Saturday, July 30, 2011

Lightning Safety for Hunters

I remember as a boy hunting in the woods behind my house. I was probably 13 and dumb as a bag of rocks. Between the woods and my house was a cotton field. It seemed like a giant field at the time, but there was probably less than 1000 yards from my house to the woods. When I went out by myself I was held to a strict curfew. I had to tell my mom when I was going to be back and being late was not an option.

One day, right about the time I had to be home, a thunderstorm hit. Lightning was striking everywhere. It was scary. I had to decide between risking crossing the open field, with my very metal shotgun, in a giant lightning storm, or risking being late and making my Mom upset. I chose to brave the storm. The worst that could happen was death. With my Mom, you never knew!

Lightning is both necessary and sufficient for...Image via Wikipedia

I ran as fast as I could, trying to stay lower than the cotton plants. I made it home and watched the storm from out porch, including a few strikes in the field I just ran through.

Everyone who has spent much time outdoors has had a few close calls with lightning. I have had several. Being caught in a thunderstorm while you are hunting is a terrible experience, and potential hazardous. While the average person has a 1 in 250000 chance of being hit by lightning, the average person does not spend hours in tall trees, surrounded by a metal stand, and holding a long metal tube (a gun, in case you don't have an imagination). I would say that hunters are in a higher risk group that most.

So, what do you do if you are stuck out hunting and thunder starts to rumble?

Get out of the tree, dumbo
Obvious, but worth saying. Lightning likes trees.

Get in a house or vehicle
Houses are grounded by plumbing or electrical wires. This will direct the lightning down and away from you. Vehicles are safer than nothing. Not because of the rubber tires, but because of the metal box you are in. Just be sure not to touch any metal in the truck.

Find some short trees
If you cannot get to a house or vehicle, then look for short trees near tall trees. The lightning will be attracted to the tall trees and not the short trees where you are.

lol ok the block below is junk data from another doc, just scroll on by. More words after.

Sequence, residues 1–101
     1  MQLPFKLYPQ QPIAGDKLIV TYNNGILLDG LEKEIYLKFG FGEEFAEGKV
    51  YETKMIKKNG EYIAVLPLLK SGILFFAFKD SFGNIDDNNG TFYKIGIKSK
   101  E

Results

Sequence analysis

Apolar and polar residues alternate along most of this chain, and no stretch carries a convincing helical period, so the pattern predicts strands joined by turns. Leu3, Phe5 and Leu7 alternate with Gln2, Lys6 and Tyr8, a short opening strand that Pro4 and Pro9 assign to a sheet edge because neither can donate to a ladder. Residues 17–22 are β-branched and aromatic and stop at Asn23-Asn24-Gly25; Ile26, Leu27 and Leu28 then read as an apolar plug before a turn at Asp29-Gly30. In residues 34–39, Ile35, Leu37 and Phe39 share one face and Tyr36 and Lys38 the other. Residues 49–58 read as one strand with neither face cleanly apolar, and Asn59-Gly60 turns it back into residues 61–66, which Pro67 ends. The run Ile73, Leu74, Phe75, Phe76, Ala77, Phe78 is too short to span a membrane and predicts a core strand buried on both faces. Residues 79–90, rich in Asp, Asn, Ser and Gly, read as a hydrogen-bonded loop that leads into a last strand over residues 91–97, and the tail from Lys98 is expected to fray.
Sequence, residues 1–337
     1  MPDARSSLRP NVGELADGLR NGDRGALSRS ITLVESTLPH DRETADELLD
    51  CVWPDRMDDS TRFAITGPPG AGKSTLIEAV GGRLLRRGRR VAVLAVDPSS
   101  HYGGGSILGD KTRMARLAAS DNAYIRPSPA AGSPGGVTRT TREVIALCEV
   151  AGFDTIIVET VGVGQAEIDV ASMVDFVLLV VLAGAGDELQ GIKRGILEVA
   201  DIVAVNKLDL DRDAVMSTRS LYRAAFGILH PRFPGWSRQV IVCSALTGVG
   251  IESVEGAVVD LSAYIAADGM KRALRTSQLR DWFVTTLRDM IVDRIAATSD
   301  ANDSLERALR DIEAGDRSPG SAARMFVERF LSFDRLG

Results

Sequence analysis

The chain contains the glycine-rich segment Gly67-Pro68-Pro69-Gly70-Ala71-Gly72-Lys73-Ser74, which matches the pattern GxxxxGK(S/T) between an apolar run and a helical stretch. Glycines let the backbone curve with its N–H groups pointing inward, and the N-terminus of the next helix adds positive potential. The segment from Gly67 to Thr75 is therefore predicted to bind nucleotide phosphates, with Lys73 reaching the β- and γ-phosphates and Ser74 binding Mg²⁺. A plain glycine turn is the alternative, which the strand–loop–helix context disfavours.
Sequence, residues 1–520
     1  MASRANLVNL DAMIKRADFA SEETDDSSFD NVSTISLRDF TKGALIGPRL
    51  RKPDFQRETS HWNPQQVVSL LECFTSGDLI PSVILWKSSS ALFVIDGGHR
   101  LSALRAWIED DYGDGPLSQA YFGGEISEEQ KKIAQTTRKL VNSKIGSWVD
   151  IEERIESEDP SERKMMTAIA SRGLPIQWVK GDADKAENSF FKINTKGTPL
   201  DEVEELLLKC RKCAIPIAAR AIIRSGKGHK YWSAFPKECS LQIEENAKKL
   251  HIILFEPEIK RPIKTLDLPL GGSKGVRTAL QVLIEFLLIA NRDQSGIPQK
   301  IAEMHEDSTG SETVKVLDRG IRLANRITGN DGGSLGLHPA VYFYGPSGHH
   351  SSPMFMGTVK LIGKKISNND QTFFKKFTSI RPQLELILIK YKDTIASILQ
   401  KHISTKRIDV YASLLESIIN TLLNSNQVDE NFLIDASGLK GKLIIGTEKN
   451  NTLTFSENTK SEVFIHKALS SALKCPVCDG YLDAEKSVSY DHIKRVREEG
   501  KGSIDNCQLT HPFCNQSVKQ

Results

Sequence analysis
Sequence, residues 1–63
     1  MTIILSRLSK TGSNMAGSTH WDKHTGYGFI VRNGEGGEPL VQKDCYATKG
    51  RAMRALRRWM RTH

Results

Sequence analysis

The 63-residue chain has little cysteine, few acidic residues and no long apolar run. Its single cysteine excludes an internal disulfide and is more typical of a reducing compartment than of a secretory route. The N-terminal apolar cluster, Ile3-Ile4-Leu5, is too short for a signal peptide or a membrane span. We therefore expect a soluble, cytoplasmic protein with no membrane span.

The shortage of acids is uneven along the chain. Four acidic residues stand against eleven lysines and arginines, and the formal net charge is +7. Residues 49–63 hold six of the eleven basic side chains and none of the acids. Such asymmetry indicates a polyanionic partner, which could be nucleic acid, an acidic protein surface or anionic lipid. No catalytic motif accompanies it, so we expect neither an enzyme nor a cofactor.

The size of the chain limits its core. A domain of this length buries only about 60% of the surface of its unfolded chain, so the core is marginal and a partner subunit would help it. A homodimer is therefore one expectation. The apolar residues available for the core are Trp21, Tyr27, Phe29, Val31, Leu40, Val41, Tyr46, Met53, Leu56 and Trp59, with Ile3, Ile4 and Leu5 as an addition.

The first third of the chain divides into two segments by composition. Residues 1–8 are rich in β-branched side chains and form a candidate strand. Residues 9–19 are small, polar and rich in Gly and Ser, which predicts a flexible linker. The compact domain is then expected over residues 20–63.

Get rid of your gun and anything else big and metal
This part sucks. love my guns. Put any large metal objects down and move at least 100 feet away.

Go to a valley or depression
Lighting hits higher areas sooner that low areas. Just watch out for flash floods.

Stay small
If you are caught in the open, crouch down and stay on the balls of your feet. Keep your contact with the ground as small as possible. Do not touch the ground with your hands. If you get struck the lightning will hopefully pass up one leg and down the other, avoiding vital organs (but possibly cooking your balls).

Avoid lone objects
Lone trees in a field are very dangerous. It would be better to stand in the open field.

Watch out for the tinglys
If you skin or hair feels tingly lighting may be about to strike close by. Run. Lightning, like most hunters, has a hart time hitting a moving target.

Here are some tips for if you or someone you are with gets struck. Actually, if you get hit and are alone you are fairly screwed. If someone you are with gets hit do the following:

Start CPR immediately if they are not breathing. There is no residual electrical current to worry about. Treat for burns and get help ASAP. Burns are most likely around jewelry, belts, fingers, and toes.

The chances of being struck by lightning is very low, but it is foolish not to be prepared.

Hey! If you haven't already, head over to the knife giveaway and enter a win a Buck pocket knife! It doesn't cost a thing and there are not many entries, so the odds are pretty good!
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